It seems the Bard of Avon probably did - and Georgie had no particular reason to contradict Lucia's assertion. Regarded by most editors as a "comedy" and by some as a "late romance", "The Winter's Tale" by William Shakespeare was originally published in the First Folio of 1623. Most, though not all, critics believe the play is one of Shakespeare's later works, written in 1610 or 1611 and tying in with an apparent connection with Ben Jonson's "Masque of Oberon" performed at Court in January 1611, which also has a dance of 10 or 12 satyrs.

Witch of Endor ~ the stained glass of a south window in Tilling Church featured next to Elijah, Saul and Samuel, the witch of Endor. She was wrapt in an eau de nil mantle, which when streamed onto by the bright May sunshine, made the auburn beard of Georgie practising pedalling upon the new organ beneath look livid.
The Witch of Endor (sometimes the Medium of Endor) called up the ghost of the recently deceased prophet Samuel as requested by King Saul in the First Book of Samuel, Chapter28: 3-25. See Elijah, Saul and Samuel.

Withers, Ethel (Miss) ~ Miss Mapp's servant at Mallards and subsequently Grebe. Walking out with Tilling fishmonger and painter's model, Mr Hopkins.         
      
Women Wrestlers ~ painting by Quaint Irene Coles submitted for display at the annual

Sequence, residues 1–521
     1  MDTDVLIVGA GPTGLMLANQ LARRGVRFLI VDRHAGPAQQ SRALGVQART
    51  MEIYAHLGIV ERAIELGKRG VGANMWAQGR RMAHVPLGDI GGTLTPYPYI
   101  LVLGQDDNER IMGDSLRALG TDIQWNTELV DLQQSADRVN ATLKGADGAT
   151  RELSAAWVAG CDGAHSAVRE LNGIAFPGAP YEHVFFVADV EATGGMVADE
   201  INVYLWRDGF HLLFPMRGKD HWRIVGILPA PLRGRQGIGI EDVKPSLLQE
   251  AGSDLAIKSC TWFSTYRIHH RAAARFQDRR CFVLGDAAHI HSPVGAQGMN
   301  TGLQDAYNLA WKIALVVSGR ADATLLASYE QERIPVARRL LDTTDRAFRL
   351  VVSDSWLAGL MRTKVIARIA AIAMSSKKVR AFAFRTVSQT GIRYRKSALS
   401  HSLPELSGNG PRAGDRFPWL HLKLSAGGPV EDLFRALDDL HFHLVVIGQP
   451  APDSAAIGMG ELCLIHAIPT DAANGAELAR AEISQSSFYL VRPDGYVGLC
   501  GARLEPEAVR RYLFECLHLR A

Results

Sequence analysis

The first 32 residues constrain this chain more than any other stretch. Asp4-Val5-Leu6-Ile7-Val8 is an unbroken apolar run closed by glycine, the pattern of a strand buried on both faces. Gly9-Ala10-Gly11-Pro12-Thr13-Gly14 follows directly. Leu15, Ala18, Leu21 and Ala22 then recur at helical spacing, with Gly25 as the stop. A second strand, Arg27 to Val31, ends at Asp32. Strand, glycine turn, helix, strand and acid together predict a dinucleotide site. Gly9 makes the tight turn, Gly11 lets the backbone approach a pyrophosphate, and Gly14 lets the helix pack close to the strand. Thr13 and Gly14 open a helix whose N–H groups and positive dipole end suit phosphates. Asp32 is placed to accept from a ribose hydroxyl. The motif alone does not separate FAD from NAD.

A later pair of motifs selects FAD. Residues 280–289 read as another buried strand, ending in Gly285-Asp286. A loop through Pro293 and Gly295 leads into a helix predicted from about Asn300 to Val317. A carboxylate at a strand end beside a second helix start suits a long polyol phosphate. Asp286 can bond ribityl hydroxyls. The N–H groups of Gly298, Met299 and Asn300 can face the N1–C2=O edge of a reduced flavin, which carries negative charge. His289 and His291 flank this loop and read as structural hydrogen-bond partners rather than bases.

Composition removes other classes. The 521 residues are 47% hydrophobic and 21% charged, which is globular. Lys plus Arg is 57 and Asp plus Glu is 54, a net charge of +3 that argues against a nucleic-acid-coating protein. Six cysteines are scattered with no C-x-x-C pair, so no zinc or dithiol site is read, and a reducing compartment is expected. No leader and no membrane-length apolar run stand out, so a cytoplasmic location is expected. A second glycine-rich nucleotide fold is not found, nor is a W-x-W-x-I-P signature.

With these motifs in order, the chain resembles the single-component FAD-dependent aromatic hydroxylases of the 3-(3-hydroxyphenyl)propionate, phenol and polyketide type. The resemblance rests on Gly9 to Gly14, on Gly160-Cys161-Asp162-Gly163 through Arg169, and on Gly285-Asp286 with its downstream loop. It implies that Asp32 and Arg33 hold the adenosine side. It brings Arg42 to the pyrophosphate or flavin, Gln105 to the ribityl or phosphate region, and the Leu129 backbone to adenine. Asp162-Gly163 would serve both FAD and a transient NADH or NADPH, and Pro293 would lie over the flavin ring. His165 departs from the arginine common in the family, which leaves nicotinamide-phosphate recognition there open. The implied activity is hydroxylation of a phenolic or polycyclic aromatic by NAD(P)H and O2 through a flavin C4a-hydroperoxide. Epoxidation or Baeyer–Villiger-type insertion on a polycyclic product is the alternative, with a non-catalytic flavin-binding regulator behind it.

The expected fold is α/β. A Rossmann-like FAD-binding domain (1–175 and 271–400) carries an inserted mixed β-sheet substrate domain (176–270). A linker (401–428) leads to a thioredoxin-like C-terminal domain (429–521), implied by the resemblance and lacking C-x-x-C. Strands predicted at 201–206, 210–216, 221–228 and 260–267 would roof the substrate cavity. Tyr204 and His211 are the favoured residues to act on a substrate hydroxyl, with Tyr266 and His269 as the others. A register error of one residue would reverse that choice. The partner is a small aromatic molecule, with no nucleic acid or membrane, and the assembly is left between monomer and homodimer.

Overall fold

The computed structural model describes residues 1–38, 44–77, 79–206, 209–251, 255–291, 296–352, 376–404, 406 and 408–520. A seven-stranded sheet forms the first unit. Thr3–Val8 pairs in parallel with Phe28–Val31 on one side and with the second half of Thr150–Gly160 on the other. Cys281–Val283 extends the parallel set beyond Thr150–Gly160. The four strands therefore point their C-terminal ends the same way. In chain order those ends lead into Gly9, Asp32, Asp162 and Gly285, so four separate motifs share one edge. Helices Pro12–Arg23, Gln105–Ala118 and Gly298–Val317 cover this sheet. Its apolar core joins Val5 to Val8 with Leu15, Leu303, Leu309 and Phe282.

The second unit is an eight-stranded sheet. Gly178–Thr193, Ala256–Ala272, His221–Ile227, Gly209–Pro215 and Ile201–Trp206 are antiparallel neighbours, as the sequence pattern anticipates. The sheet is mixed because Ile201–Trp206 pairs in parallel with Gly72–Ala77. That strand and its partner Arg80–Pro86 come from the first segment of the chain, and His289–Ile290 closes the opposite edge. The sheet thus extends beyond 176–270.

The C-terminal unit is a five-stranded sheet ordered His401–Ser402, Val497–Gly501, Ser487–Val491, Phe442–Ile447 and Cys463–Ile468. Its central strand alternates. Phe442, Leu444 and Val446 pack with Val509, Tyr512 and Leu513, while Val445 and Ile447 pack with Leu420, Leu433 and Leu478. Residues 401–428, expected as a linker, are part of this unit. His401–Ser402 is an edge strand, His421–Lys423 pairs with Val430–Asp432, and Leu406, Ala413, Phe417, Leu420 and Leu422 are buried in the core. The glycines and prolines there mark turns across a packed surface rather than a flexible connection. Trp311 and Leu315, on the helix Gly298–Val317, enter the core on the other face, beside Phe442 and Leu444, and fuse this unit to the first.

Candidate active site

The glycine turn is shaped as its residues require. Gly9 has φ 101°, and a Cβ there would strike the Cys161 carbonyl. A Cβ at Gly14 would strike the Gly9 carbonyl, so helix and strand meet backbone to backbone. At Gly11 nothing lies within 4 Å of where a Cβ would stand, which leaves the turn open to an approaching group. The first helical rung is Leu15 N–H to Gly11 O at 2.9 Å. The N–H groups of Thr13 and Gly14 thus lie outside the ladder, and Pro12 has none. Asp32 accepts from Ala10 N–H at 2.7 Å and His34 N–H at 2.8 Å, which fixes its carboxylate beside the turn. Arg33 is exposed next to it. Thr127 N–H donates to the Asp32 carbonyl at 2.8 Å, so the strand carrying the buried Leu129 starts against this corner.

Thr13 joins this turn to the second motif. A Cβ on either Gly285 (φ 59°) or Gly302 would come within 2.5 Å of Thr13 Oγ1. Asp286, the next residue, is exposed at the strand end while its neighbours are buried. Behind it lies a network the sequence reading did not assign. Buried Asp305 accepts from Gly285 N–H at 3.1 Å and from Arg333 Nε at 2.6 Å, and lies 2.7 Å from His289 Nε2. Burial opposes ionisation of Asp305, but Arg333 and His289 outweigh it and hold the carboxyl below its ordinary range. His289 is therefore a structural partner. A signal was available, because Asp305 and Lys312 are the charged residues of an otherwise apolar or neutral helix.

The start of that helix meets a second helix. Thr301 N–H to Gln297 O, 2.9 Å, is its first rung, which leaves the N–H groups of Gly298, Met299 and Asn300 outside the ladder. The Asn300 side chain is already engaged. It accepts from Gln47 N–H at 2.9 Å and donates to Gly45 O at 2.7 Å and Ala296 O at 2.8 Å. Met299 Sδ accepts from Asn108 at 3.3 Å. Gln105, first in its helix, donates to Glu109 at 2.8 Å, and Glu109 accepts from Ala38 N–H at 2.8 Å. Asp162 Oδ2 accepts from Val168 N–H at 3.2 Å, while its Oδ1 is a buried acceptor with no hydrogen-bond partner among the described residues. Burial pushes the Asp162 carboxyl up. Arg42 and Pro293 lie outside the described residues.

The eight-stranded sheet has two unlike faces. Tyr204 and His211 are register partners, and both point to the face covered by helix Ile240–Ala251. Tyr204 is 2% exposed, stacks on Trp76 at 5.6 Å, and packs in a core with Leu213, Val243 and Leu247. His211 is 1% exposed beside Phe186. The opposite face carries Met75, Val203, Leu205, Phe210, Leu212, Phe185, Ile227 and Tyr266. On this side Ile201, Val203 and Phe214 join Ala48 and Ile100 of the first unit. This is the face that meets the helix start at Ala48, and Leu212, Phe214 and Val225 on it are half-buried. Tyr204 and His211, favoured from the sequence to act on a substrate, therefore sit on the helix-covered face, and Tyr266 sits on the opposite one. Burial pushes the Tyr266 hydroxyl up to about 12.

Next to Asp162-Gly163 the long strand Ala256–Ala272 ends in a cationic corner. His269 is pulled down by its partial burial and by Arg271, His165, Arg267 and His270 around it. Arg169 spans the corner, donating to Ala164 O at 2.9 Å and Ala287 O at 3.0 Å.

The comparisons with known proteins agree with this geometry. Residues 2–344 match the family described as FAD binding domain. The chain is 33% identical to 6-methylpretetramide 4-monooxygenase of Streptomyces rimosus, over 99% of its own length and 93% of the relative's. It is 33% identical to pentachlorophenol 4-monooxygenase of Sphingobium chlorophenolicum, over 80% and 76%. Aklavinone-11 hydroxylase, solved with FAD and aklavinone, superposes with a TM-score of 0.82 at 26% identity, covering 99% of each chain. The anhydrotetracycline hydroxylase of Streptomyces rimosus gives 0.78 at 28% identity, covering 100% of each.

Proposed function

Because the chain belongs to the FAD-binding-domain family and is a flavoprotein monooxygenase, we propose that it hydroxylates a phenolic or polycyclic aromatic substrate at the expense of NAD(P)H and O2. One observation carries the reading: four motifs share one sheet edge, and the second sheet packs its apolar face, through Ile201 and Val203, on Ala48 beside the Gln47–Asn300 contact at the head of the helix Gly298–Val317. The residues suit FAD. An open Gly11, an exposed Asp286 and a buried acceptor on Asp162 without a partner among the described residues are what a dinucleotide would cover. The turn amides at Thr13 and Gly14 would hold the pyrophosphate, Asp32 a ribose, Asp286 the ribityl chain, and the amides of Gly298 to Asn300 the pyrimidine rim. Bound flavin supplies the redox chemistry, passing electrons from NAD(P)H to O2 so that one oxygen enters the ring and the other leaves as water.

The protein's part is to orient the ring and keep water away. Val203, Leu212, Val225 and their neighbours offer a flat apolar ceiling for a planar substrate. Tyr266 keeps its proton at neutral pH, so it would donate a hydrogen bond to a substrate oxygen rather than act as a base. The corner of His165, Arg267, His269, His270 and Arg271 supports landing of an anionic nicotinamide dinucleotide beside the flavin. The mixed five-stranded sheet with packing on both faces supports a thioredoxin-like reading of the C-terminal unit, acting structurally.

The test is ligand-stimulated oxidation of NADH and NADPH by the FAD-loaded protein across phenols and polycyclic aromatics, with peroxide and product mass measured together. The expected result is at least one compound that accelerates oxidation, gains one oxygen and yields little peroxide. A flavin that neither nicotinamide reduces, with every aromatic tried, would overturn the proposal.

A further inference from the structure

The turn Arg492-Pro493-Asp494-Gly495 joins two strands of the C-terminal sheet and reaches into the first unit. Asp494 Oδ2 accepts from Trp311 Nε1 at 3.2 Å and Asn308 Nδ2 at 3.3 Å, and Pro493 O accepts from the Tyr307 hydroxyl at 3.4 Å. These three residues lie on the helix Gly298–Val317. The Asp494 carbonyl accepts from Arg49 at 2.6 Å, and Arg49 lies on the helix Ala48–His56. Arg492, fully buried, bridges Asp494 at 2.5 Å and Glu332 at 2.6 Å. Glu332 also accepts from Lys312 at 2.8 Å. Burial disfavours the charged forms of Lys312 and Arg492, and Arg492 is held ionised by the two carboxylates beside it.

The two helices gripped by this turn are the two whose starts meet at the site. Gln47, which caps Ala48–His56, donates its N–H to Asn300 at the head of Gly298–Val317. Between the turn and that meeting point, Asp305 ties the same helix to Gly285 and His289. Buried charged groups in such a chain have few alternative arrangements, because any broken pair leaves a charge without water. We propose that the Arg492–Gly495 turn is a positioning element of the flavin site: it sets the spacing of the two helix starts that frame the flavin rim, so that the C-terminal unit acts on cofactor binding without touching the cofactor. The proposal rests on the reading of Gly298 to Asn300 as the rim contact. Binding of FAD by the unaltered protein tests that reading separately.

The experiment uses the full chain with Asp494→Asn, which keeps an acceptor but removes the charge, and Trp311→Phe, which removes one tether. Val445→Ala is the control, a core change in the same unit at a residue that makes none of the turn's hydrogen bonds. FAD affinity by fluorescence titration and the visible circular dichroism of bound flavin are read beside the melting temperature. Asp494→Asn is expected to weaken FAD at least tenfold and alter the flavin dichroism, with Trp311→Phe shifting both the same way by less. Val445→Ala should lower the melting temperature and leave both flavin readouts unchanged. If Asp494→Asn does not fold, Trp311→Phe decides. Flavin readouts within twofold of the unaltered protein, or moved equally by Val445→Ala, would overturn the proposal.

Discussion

exhibition of Tilling Art Society from which its then President, Elizabeth Mapp hurriedly averted her eyes. A proper regard for decency alone made her resolve to oppose, tooth and nail, the exhibition of these shameless athletes. When no one bought the striking picture at the September Art Exhibition , Quaint Irene turned the women wrestlers into men.

Wood, Sir Henry ~ when Lucia was planning the improving lectures to be given at Tilling's Literary Institute, she intended to ask some distinguished expert on the subject to come down and stay the night after each lecture: Sir Henry Wood when we have our Beethoven night. Unfortunately, Sir Henry was unable to accept this invitation to visit Tilling.

Hugely influential English conductor, Sir Henry Joseph Wood CH (1869 - 1944) conducted the Proms for fifty years and played an enormous part in improving popular access to classical music, raising standards of orchestral performance and expanding the repertoire. After his death, the Proms became known as the Henry Wood Promenade Concerts. See Desmond McCarthy, Noel Coward and John Gielgud.

"Woof-dog" ~ pet name for Lord Middlesex, Babs Shyton's alleged lover in the controversial divorce case, closely followed by Lucia and other members of London society.